For all the arrogance, the brash over-the-top cockiness, and the perceived lack of humility from Muhammad Ali, one non-debatable truth exists: he was a man of conviction.
In 2016, athletes are often chastised for speaking their thoughts on controversial issues. Lebron James has been ripped on both sides for not doing enough or doing too much regarding the Tamir Rice story. When certain NBA players showed up with "I Can't Breathe" shirts to games, pundits were quick to condemn them for "speaking out". And even speaking out on much less controversial issues are frowned upon, such as Deangelo Williams being fined for wanting to honor his late mother who died of breast cancer by wearing a pink ribbon on his eye black during games. God forbid we violate the honorable uniform code.
While the actions of today's athletes are noble in their own right, Muhammad Ali took activism to a level not seen since.
His decision to not go fight in the Vietnam War did more than cast public court dispersions on his character. He was stripped of his titles by the World Boxing Federation and imprisoned for refusing to do what hundreds of thousands of other American men his age were doing. Nearly four years of his boxing prime were lost because of the stand he took. And he was hated for it.
The term draft dodger is often used to rip a political opponent for cowering out of a civic duty. Ali, however, was not refusing entrance into the draft for reasons of cowardice. He held a genuine conviction that war was wrong, especially this war, and had no desire to take part in the unfortunate dynamic of innocent deaths in war. Not just that, but the civil rights hypocrisy that it entailed:
“Why should they ask me to put on a uniform and go ten thousand miles from home and drop bombs and bullets on brown people in Vietnam while so-called Negro people in Louisville are treated like dogs and denied simple human rights?" (Ali, 1967)
Many at the time deemed Ali unpatriotic. It was enough that he was a brash young black man unafraid to speak his mind, but add on to that the name change from Cassius Clay because of his Muslim Faith, Ali was a prime target for flaming arrows of conservative criticism, especially from white Americans. Remember, we like our star athletes to perform and entertain, not take stands on controversial issues.
Ali made people uncomfortable. He was the greatest trash talker of all time, and he often backed it up. That didn't mean people loved him. Speaking your mind is often only acceptable when the majority of people agree with you. A black man living in the south speaking out against a national war in the 1960's? You can imagine the tension.
It's not as if Ali didn't have a basis for his feelings. It's not like he was some naive and mentally unbalanced superstar, tolerated because everyone knew he was just a bit different than everyone else. Ali experienced the tumult of the times. He may have been a superstar athlete, but he was still a black man, which, in 1960's America, made you second-class.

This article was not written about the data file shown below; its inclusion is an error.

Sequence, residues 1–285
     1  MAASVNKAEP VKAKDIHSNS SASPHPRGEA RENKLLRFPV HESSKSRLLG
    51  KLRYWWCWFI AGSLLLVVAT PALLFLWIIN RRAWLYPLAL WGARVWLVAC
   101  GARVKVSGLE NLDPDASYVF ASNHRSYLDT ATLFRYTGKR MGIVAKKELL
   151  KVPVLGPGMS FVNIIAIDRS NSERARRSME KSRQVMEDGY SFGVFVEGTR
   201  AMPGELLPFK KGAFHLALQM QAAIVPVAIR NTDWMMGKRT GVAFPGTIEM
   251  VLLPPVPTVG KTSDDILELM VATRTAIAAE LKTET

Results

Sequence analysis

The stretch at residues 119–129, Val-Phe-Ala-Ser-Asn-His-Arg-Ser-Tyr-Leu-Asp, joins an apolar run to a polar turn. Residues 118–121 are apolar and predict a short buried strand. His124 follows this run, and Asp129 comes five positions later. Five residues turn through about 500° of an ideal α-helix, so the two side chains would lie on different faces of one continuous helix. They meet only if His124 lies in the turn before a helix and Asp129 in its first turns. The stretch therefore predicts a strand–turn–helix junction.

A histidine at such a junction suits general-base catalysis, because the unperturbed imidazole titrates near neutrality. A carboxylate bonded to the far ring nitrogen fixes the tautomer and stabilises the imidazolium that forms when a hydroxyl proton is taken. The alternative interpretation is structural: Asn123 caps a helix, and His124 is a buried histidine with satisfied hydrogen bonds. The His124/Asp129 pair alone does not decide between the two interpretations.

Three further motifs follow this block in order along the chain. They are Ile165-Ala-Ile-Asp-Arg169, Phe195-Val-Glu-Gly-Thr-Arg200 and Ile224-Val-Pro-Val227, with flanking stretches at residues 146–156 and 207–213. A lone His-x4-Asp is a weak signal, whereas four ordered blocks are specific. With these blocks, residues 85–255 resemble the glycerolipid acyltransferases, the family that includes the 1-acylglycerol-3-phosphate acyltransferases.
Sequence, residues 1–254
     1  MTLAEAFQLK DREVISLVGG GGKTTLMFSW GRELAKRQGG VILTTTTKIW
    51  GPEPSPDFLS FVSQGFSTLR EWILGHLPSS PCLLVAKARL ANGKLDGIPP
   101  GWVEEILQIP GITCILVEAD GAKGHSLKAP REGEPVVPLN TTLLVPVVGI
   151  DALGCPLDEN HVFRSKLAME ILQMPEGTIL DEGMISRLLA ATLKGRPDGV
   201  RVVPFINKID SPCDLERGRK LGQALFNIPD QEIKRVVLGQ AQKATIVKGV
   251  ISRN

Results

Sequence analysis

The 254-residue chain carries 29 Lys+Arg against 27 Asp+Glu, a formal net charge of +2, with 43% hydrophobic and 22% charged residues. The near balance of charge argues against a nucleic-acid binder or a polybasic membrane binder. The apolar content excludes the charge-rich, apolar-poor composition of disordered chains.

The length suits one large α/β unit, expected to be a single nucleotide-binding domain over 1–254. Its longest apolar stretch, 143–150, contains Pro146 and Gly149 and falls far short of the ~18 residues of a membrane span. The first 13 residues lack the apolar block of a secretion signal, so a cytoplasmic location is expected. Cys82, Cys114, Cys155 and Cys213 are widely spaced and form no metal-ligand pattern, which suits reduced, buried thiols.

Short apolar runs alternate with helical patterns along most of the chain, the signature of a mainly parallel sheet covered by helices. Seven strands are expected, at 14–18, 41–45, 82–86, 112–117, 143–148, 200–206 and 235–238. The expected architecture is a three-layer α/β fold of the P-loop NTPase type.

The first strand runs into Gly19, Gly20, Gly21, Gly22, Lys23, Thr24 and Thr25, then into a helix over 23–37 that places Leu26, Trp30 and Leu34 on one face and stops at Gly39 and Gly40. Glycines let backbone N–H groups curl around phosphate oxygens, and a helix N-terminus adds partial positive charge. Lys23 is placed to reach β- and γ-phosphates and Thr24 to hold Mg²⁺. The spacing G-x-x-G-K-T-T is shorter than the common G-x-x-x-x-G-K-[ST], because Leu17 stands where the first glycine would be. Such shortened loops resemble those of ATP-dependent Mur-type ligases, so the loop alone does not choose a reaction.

According to Jeremy Schaap, the story goes at an airport a white sportswriter sat at a table with the famous Ali, both ordering root beer floats. When the server came back to the table he handed the writer a nice frosted glass filled to the top. The server also set down a paper cup, saying "the cup is for the boy."
With slight embarrassment but opportune directness, the sportswriter probed Ali, asking what he felt when the server treated him like that. Ali told him it didn't bother him. Why should I let the way some idiot treats me bother me, he thought. And while personal attacks were not something he felt particularly vengeful about, it was the greater good of African-Americans that Ali felt responsible for lobbying for in whatever means necessary.
We look back now on Ali and the things he said in the context of the time he was living in and label him a revolutionary. He's the greatest, not just in the ring. And the mythical god-like quality of Ali only existed, as Jim Brown suggested because Parkinson's forced him to be quiet. This made him more palatable.
Swagger was born with Muhammad Ali. He called himself beautiful, told people how great he was, and absolutely annihilated opponents in the ring. He was cooler than cool but was such with purpose. He was a man that floated like a butterfly, stung like a bee, and ripped through American culture like a tornado.
Today's American culture of sports heroes is filled with big egos and trash-talking. The irony in this is that the same cockiness Ali exhibited we memorialize with fondness, yet rip the quarterback boasting after touchdowns. The same Ali who prompted so much social change we honor with words like "legacy" and "pioneer", yet we're quick to shut down the athlete speaking out about police brutality or Black Lives Matter issues.
Muhammad Ali was as complicated a man as he was a dominant fighter. His name was and will forever be synonymous with the great sports figures in history such as Babe Ruth and Michael Jordan. But Ali raised a cultural friction that impacted lives far beyond the boxing ring. Indeed, the discomfort Ali was willing to embrace has reached decades ahead, giving us freedom and understanding we may not have experienced otherwise. This is the reason he truly was the greatest.